There’s been an interesting idea floating around for a while that seems to finally be coming to fruition here in the United States: savings account lotteries. You may also hear them called “prize-linked savings accounts”.
I first heard mention of the idea from Freakonomics a few years back. Apparently this idea has been around and in practice for over 50 years now in various other countries and has had a profound impact on increasing the number of people who save. The idea is pretty simple: instead of buying lottery tickets and hoping for a big win, people deposit money into savings accounts or CDs and occasional lottery winners are drawn from the depositors. It offers a sort of no-lose proposition.
In a traditional lottery people pay for a chance at a big prize (or prizes), but the overwhelming majority of people lose their initial investment. In a prize-linked, or lottery, savings account – if you don’t win the jackpot you still have guaranteed savings in a bank. It operates on the principle of distributing interest payments in a very lopsided manner, whereas a typical bank account would guarantee some small interest rate to all depositors – the lottery version would instead give large returns back to a small set of depositors. The brilliant idea here is that the “losers” don’t actually lose their deposit, they effectively just forfeit some of their interest gains to the lottery pool. The easiest way to organize this is to require a set deposit into a shorter term CD, say $25 in a 12-month CD. Each $25 gives the depositor a single “ticket” or entry. Winners are drawn based on those entries. People wishing to cash in the CD early are hit with early withdrawal fees (like any CD), possibly at a higher rate to more effectively discourage simply entering for the contest and then withdrawing.
It’s a great win-win idea for increasing the savings participation rate across the country, but up until recently it’s been illegal in the United States. That’s right, the no-lose lottery idea was (and in the majority of the country still is) illegal. So why is this illegal if it increases the savings rate of citizens and still satisfies the desire for a “big prize” lottery?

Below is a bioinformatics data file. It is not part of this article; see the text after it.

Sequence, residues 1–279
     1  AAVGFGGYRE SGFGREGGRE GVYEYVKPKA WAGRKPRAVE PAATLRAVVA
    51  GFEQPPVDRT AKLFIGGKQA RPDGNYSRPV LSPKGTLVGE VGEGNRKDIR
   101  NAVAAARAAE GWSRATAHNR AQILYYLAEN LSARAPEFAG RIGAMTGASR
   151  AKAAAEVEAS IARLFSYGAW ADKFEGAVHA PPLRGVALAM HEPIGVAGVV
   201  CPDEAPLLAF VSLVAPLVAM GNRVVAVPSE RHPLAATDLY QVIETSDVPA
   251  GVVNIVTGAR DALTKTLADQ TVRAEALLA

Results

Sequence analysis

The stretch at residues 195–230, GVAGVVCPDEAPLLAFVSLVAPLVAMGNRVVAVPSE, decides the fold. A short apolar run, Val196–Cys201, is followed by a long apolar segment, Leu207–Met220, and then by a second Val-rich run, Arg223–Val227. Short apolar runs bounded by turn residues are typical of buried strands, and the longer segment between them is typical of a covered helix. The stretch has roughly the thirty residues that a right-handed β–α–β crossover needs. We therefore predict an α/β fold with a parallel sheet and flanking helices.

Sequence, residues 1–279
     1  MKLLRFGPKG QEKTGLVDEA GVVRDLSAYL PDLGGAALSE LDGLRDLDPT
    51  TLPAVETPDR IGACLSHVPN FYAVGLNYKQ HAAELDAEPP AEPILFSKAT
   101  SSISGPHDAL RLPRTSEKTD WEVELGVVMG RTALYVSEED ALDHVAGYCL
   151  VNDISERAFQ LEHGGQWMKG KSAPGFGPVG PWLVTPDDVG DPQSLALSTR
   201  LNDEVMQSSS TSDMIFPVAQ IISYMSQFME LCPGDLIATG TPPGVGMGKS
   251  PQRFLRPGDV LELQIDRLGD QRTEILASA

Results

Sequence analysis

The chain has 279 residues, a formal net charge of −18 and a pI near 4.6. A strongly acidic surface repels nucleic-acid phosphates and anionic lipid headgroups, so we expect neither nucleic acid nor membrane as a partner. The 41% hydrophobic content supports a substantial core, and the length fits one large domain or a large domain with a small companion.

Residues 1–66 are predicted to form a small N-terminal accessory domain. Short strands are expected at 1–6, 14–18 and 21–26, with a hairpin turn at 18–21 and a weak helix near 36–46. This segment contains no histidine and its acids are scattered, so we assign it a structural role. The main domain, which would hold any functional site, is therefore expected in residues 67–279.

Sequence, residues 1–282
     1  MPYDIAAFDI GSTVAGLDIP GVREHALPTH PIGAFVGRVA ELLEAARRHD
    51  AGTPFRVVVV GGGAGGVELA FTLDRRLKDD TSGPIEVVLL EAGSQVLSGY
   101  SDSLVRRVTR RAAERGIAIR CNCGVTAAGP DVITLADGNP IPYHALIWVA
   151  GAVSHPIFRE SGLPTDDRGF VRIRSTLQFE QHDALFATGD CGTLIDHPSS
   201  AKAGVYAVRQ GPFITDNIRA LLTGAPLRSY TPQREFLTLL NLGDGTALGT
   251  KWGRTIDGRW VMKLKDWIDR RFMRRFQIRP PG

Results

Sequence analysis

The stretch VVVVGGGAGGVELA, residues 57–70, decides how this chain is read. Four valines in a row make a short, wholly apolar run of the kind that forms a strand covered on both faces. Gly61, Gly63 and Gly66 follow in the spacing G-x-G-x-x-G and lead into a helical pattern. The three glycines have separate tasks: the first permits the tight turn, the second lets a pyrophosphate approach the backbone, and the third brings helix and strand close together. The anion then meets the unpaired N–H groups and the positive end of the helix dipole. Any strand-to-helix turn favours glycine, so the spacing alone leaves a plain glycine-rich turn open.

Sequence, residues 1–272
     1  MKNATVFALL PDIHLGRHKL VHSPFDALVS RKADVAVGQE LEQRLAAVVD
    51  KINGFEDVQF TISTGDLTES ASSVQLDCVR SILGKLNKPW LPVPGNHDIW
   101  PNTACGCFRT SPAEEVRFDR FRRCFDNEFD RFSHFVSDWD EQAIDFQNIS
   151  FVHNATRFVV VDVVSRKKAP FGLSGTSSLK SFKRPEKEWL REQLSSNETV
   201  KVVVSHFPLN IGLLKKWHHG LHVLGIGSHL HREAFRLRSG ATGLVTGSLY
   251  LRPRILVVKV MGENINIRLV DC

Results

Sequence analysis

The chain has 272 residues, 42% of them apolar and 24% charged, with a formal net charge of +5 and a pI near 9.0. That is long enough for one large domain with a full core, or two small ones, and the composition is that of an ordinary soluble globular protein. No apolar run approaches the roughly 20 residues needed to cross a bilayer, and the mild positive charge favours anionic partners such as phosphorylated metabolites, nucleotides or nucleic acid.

The desire and demand for lotteries like this have existed throughout history. In fact, the demand is so strong that it currently draw tens of billions of dollars in revenues every single year in the United States alone. In 2009, eleven states collected more revenue from lotteries than they did from their corporate income taxes!
That’s a giant cash cow. And as a result, the states are reticent to give up their monopoly on operating such a lottery. Thankfully, some states like Michigan are starting to loosen their grip on that monopoly to allow these forms of savings accounts. There are now six states that allow such a program, with plans to introduce bills to legalize this in New York. The interesting part is now to see how this impacts savings rates for residents, as well as the state-run lottery participation – and see if this idea spreads to more states quickly. It’s a much better system for lottery players since they retain their principal, but for non-lottery players this may actually result in higher taxes to offset the lost state lottery revenues.